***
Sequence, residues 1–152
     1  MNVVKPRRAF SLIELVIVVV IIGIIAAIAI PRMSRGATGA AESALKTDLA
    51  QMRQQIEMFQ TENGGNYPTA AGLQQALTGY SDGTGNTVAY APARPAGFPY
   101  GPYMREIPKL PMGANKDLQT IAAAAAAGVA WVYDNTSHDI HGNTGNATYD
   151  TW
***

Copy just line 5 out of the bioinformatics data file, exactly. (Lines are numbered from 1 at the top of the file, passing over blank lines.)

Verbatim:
   151  TW